It is a widespread belief that dogs can only see in black and white. However, this belief is not true. Experiments have confirmed that dogs do see color, except their spectrum of colors is limited compared to humans. In simpler words, they are colorblind.
Let’s explore the differences between human and dog vision and answer some popular questions about the subject.
Both humans and dogs have two types of light-detecting cells in their retinas called rods and cones. Cones are responsible for color detection and work in well-lit environments.
There are multiple types of cones, each allowing the detection of different wavelengths of colors. Humans have 3 types of cones (known as Trichromacy), enabling us to see the full spectrum of colors. On the other hand, dogs have only 2 types of cones (known as Dichromacy), giving them more limited color detection capabilities.
Are dogs color blind? Yes. Dogs are red-green color blind, also known as deuteranopia.
What colors can dogs see? Dogs can see the colors: blue, yellow, grey, and their combinations.
For a dog, a red ball and green grass have an almost identical color. Dogs can see blue on green much better. Keep that in mind when you are shopping for a new toy for your pup.
This doesn’t mean they can’t distinguish between “true” colors entirely. Dogs still use cues such as the color’s brightness to tell the difference between some colors.
The other type of light-sensitive cell in the human and dog retina is called a rod. Rods help animals see better in the dark and detect motion. Dogs have many more rods in their retinas than humans.
Dogs (and cats) also have a special reflective membrane in their eyes called a tapetum, which humans are missing. This membrane reflects light back through the retina, improving light sensitivity. This reflective membrane is also why you can see dogs’ eyes reflecting back the camera’s flash in dark pictures.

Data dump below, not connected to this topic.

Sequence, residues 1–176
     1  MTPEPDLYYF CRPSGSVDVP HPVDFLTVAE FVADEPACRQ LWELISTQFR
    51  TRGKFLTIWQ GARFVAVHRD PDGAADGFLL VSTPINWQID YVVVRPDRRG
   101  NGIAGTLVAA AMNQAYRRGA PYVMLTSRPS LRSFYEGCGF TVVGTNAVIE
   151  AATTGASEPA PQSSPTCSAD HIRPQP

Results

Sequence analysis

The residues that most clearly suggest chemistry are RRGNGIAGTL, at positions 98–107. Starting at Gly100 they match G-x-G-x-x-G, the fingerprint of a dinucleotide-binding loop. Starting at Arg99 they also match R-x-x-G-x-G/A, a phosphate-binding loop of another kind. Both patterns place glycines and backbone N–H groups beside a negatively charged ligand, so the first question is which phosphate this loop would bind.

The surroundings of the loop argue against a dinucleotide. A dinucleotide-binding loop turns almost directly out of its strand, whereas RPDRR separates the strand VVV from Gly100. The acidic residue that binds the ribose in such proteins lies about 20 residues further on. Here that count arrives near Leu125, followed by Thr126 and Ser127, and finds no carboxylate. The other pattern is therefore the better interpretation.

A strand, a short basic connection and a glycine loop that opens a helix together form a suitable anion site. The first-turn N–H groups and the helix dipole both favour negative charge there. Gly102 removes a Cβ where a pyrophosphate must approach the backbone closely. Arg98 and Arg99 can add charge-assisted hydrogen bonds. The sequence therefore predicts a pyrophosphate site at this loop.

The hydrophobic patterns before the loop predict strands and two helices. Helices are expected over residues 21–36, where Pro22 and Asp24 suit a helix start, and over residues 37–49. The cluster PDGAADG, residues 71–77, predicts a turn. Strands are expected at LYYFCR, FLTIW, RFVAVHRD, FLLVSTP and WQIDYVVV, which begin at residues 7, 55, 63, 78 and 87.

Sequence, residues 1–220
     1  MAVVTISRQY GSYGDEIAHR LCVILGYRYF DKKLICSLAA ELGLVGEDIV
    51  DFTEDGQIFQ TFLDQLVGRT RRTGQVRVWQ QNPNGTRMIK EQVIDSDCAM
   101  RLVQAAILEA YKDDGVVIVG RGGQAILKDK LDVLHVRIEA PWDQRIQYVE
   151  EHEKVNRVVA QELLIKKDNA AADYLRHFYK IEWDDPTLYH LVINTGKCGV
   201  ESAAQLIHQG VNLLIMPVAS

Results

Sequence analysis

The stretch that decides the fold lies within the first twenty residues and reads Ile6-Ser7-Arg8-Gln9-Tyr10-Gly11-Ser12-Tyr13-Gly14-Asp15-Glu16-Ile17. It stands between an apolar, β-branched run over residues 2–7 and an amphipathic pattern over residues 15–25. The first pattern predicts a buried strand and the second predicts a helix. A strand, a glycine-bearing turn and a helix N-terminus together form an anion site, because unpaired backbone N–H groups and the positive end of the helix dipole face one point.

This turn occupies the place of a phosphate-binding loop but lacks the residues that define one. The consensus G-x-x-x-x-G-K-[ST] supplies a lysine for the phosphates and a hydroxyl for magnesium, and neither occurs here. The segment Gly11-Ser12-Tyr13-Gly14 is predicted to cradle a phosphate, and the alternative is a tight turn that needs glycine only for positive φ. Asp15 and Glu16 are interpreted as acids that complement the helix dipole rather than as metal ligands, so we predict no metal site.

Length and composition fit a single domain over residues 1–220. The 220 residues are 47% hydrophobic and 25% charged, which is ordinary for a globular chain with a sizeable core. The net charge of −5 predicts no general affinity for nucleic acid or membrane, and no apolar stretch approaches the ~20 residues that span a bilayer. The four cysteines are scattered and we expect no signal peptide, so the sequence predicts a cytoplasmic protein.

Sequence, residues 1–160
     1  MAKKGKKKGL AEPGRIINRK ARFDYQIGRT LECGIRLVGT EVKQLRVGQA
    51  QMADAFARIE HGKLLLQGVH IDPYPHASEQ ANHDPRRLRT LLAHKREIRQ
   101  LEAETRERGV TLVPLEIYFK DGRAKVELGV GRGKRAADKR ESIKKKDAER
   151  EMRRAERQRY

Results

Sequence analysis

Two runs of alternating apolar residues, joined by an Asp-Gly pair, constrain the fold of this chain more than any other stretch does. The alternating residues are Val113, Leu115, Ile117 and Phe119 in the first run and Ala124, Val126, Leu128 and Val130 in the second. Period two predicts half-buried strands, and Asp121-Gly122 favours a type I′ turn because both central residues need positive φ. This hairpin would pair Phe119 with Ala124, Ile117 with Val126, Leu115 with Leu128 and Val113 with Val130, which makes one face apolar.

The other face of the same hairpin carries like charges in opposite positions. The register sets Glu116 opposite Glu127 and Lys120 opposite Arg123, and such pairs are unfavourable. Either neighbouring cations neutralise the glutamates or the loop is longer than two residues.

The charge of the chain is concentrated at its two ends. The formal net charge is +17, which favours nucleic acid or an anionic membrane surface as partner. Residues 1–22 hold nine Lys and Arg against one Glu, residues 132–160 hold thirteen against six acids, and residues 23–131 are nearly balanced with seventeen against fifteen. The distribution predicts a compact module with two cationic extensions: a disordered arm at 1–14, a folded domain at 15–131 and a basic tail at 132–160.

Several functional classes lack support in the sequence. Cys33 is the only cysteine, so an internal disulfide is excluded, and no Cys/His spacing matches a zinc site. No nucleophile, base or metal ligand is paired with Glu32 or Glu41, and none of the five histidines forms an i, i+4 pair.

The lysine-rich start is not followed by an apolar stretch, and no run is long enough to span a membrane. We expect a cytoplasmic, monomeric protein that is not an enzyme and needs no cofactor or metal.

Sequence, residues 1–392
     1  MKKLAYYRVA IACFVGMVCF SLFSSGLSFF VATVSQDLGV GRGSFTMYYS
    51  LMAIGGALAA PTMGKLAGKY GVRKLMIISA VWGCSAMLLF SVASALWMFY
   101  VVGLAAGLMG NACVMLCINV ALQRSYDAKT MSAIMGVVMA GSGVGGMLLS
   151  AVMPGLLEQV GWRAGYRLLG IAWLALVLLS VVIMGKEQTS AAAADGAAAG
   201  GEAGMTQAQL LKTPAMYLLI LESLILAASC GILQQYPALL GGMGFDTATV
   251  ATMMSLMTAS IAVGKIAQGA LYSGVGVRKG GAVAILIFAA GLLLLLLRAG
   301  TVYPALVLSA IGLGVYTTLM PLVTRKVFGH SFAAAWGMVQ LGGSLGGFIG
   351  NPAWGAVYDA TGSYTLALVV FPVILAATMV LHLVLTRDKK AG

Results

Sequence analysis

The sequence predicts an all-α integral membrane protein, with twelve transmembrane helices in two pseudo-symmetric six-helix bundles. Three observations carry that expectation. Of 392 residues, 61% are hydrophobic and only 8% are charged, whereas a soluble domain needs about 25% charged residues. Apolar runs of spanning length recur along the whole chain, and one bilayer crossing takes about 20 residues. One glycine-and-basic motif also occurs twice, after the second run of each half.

Can dogs see in the dark? Kind of. No photon-detecting eye can see in a complete absence of light. However, the high amount of rods and the reflective tapetum in dogs’ eyes give them a light-sensitivity edge. For that reason, dogs can see much better in the dark than humans. It is estimated that dogs’ eyes are about 5 times more sensitive to light than humans.
While human eyes are pointing directly ahead, dogs’ eyes are usually set at about a 20-degree angle, which gives them a wider field of view. Dogs’ field of view is about 250 degrees, compared to humans’ 180 degrees. This increases peripheral vision and allows dogs to see potential approaching attackers better.
Unfortunately, an increase in peripheral vision comes at the cost of binocular vision and depth perception. This means that most dogs are very near-sighted.
As compared to a human’s 20/20 vision, most dogs have about 20/75 vision. This means that dogs need to be 20 feet away from an object to see it just as clearly as humans do at 75 feet away.
Not all dogs have the same eye placement and are different in how well they see. Labradors, for example, were bred for better eyesight. As a result, they have a vision that is closer to 20/20 vision than other dog breeds.